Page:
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Taming the Duck: Solutions for Renewables Integration

Ken Boyce
By Ken Boyce, PE Director, UL

As renewables are increasingly integrated into the energy infrastructure, we continue to gain deeper appreciations for both the benefits and challenges they present. The challenges, highlighted in the so-called “Duck curve” first identified in the solar-rich California market, show how disruptive solar power can be for grid stability.

As the sun comes up, power demand increases; however, so does production of electricity from solar panels. Solar production generally increases throughout the day, and large-scale solar assets can dramatically reduce the grid demand. This net result forms the duck’s belly. As daytime hours end, solar production wanes while commercial demand remains steady at the same time people increase their demand for electricity as they arrive home, all forming the duck’s neck. More solar power means a deeper belly and a steeper neck, constituting significant challenges for the grid in balancing and meeting rapidly increasing demand in the afternoon.

In some markets, the “duck” imagery is replaced by other frightening creatures. For example, in places such as Hawaii, higher solar penetration and higher residential power bases correspond to an even steeper and taller neck, leading to the “Nessie” curve named after the famous Scottish mythical beast. In developing countries, a “Shark” curve is sometimes used to describe the sharp increase in the early evening from load shedding of unmet, largely residential, loads. And Germany has faced the condition where the entire national demand was met for a time by renewables, which turned power prices negative—and while no animal name has been assigned to this phenomenon, it highlights the important need for grid balancing solutions.

Additional renewables deployment is good for many reasons. Finding ways to balance the grid and meet human needs remain essential for continued success. Fortunately, technological progressions are significantly supporting both objectives, helping to control both the depth of the duck’s belly and the slope and length of its neck by empowering energy consumers with more local control.

First, increased deployment of solar plus storage has positive benefits to mitigate these effects. Energy storage systems store electricity when it is being generated—for example, by solar arrays during the day—and allow it to be used when desired. Complementary effects of solar plus storage can be seen as we consider both reduced daytime solar grid overgeneration and reduced demand rates in the evening. This solution can be implemented in the form of a single energy storage system, for example in a home or commercial building, or in the form of a microgrid that uses more systemic control over a larger campus or community domain.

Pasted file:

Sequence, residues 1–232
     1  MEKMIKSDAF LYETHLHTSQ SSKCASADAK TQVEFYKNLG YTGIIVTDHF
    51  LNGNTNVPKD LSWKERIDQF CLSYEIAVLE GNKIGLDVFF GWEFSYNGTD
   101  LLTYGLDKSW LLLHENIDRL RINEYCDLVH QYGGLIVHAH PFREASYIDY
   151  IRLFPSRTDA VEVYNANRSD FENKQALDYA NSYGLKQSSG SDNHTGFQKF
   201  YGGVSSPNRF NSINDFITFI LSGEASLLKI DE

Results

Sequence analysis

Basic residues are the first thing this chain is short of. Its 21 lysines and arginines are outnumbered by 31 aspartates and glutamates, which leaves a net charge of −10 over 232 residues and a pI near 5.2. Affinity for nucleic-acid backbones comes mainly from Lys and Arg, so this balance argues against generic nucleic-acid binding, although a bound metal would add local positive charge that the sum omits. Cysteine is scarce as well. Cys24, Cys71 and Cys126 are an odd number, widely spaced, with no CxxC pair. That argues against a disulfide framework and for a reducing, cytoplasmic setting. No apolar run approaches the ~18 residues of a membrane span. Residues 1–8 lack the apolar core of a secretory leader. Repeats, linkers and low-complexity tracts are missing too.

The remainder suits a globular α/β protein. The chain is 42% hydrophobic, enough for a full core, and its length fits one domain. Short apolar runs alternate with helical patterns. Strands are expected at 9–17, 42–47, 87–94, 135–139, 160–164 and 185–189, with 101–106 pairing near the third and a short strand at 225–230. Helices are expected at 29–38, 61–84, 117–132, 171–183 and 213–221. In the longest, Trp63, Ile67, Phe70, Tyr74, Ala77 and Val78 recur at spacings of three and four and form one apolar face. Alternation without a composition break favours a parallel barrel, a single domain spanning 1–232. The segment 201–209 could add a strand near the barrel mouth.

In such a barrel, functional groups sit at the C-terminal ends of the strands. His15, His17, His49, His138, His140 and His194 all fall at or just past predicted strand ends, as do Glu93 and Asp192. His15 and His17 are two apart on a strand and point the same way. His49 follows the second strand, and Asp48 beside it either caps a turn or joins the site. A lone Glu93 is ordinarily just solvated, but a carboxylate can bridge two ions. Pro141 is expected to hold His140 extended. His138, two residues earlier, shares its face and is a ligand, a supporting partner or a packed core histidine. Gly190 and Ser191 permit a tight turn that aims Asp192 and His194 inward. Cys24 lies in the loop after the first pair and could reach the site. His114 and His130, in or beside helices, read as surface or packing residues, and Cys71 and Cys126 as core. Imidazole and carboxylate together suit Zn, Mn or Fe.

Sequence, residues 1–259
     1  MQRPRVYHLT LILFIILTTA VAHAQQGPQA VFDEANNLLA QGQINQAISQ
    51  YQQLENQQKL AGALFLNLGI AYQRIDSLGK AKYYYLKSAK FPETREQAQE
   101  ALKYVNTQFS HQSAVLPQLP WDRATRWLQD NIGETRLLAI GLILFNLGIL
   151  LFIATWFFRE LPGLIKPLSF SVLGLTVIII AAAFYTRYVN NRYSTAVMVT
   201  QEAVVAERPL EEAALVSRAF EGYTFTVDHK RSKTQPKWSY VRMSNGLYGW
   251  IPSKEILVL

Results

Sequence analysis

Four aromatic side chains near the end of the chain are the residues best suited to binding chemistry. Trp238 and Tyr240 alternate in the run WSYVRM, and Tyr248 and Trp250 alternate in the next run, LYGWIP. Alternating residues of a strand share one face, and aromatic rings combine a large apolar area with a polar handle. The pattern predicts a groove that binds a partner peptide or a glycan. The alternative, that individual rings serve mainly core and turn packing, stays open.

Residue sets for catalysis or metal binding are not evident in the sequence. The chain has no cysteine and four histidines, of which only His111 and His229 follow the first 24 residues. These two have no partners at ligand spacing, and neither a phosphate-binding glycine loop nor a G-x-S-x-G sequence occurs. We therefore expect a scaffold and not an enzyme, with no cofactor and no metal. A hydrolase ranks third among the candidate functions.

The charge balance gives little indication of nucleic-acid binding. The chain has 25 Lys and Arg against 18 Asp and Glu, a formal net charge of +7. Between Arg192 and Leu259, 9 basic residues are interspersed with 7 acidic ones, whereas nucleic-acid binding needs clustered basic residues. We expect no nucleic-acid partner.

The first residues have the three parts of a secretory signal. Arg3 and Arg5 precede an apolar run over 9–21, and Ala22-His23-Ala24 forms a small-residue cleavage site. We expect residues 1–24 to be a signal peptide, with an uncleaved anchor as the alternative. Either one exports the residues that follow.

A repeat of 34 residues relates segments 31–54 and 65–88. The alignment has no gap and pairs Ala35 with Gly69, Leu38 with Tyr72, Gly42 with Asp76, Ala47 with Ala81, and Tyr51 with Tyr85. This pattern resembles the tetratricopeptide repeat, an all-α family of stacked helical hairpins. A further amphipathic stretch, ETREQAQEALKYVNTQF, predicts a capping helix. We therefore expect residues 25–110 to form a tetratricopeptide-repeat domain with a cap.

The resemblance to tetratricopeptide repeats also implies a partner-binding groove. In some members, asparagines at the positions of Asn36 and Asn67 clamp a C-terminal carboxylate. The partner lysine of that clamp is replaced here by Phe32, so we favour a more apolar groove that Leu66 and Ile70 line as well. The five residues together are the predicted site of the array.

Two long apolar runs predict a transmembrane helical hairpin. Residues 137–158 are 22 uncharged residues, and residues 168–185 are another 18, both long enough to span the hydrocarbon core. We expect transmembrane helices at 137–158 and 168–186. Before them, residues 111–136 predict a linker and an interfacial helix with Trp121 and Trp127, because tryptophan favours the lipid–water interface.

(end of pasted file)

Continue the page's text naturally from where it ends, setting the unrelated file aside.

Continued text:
Solar production generally increases throughout the day, and large-scale solar assets can dramatically reduce the grid demand. This net result forms the duck’s belly.

Increasingly sophisticated grid technologies are also positively influencing this issue. Advanced technology inverters, sometimes called “smart inverters,” can react in predetermined ways to support grid health. As these more sophisticated inverters are deployed in California, Hawaii and other markets, we are seeing a more holistic approach to coordinated grid health across the population of distributed energy resource assets.

Building energy technologies continue to advance the ways that energy can be used in an efficient and coordinated manner. Buildings no longer need to be just loads, but are being transformed into grid collaborators. They can reduce demand when the grid is challenged and are able to accomplish that in ways not apparent to people within the buildings.

Implementing an intelligent energy future is critical for the global society. The important work being done to safely accomplish that in different global markets, by best leveraging advancing technologies, will let us tame the duck (and his friends).

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